Friday, June 1, 2012

Blame Jack Gantos

A month ago or so when I stopped writing the blog I mentioned that I was doing a lot more creative writing. Journal writing in particular. At the time I talked about my beautiful fountain pen that I've been overworking. I talked about enjoying the feel of paper. I'm sure I even mentioned how journaling keeps me sane. But I know I didn't talk about my greatest influence that got me back into creative writing (although stopped my blogging for a while), Jack Gantos.

I picked up Joey Pigza Swallowed the Key by Jack Gantos on a whim. The cover artwork was originally off-putting but I had heard good things. So I picked it up. One morning I sat down with a pot of coffee and the book and didn't stop reading until I was finished. I'd never heard a voice that fresh. Joey, the narrator, jumped off the page. He was quirky and confidential and I loved him. He's an amazing character, honest and messed-up. And the writing was so fresh. I devoured the book. Then I started learning more about the man who created it.

The interviews I read or listened to with Jack were all about journals. Jack has been journaling regularly since he was young. Almost all of his novels have come out of those journals in some way or another. I'm jealous. In a moment of madness 10 years ago I tossed all of my journals up to that point. I still regret that. Jack describes writing as "blue-collar work" and keeps a very dedicated writing schedule. And I found that inspiring. Not only have I been reading through all his books, but I've started journaling daily. Monday, Tuesday, and Thursday I stop at the library on the way home from work for 40 minutes or so of writing. On Saturday and Sundays I sit down in the early morning hours with my coffee and  my notebook to write. I'm not sure what all will come out of it book-wise, but I know that I feel more productive, more creative, and certainly saner.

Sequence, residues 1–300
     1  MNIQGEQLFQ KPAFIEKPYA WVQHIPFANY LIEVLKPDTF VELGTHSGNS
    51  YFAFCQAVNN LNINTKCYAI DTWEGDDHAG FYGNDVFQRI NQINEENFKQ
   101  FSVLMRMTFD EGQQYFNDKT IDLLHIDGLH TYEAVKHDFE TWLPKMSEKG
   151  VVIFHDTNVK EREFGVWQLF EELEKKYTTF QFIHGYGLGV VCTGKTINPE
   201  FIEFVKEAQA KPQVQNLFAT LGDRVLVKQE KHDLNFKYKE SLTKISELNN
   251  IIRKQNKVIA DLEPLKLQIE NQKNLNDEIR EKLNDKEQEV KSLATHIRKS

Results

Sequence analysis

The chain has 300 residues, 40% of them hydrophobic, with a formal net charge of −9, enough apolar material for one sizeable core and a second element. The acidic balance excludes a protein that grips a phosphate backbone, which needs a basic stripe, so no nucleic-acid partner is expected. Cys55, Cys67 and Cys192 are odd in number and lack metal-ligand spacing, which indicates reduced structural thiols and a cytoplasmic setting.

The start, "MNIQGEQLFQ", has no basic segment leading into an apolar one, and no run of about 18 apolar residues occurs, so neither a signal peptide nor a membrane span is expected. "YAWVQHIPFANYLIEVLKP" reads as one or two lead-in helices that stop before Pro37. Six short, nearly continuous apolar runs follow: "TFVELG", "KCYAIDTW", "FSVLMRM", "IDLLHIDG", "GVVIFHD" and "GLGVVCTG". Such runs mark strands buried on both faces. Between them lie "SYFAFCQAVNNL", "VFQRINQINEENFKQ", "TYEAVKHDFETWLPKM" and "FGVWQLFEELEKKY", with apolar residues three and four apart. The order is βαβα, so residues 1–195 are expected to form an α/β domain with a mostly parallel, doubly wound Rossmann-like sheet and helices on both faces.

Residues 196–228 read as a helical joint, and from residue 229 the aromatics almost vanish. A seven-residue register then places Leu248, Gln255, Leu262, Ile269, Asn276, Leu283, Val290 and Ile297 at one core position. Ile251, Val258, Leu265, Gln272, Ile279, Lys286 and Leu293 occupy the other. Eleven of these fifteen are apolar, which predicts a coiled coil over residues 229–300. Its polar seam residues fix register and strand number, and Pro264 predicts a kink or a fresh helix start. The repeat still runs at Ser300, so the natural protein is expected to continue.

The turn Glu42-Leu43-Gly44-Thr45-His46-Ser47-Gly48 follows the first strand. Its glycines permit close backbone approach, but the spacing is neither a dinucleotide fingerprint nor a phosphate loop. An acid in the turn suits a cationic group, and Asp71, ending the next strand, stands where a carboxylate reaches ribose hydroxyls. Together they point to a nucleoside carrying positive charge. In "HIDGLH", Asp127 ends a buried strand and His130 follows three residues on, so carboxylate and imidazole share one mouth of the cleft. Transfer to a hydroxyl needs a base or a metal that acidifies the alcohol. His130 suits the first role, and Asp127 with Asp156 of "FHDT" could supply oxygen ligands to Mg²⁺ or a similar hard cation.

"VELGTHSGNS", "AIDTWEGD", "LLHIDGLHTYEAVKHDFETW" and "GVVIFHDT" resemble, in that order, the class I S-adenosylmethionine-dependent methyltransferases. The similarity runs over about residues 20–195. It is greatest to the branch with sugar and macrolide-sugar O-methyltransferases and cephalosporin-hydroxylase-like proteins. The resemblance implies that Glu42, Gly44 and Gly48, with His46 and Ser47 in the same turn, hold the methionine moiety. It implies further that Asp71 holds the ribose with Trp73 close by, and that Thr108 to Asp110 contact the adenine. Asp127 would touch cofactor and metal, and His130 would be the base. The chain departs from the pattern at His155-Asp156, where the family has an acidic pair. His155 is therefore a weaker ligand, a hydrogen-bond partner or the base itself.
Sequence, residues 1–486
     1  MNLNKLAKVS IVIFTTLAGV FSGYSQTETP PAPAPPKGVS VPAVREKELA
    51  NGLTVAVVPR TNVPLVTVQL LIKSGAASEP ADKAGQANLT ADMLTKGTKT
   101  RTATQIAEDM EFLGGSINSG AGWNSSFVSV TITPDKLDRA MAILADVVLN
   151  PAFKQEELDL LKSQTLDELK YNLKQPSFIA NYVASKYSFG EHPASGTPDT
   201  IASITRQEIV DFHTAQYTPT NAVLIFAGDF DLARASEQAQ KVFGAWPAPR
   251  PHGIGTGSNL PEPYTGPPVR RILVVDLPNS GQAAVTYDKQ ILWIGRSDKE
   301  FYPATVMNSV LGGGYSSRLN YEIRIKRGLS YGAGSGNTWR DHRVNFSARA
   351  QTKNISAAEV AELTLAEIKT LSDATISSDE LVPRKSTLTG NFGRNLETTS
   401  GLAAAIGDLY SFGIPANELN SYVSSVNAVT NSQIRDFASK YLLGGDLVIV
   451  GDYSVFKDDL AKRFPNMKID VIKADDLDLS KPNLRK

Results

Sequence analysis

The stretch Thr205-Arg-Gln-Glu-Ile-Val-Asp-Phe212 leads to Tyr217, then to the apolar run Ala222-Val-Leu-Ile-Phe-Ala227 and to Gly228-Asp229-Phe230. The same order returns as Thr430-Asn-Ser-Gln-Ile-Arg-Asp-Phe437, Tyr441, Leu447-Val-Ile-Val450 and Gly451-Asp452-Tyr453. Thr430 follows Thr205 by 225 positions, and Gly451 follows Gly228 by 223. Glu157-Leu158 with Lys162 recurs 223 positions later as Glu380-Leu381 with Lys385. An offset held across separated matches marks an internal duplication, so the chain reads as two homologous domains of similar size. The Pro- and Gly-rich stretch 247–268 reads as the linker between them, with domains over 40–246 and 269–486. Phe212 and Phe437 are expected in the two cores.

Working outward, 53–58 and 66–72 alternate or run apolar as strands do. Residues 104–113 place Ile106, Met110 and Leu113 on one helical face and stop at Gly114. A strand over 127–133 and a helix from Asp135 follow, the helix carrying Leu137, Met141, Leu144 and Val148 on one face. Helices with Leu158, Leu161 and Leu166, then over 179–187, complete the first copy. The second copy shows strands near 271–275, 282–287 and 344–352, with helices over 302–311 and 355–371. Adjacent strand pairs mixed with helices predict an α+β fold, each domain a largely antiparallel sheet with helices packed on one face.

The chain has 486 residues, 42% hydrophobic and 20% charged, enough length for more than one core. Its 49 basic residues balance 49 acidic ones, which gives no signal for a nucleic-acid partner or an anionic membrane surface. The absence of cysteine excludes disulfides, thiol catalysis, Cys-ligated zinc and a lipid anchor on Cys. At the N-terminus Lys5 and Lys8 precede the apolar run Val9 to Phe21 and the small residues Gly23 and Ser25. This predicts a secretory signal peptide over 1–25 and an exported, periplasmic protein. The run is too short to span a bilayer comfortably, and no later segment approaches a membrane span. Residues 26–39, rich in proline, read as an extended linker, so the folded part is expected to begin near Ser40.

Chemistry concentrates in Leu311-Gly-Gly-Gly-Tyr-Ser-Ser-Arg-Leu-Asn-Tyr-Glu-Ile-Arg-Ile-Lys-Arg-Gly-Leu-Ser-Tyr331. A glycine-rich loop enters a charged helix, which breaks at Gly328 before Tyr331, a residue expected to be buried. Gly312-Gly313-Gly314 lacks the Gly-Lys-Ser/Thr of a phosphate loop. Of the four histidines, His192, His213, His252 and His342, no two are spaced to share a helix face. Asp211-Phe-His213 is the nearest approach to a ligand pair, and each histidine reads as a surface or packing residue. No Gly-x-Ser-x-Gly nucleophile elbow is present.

I'm about half finished with Jack's oeuvre and have not been disappointed by a single one. I laughed until I cried at sections of Jack's Black Book. I was horrified and worried through Hole in My Life, Jack's memoir of being in prison. He has a unique voice that I haven't read before. But it's his habits that got me thinking. I found him inspiring, in terms of his teaching and as an example. And because of that inspiration I have been doing more of my own work. And for that I thank him.

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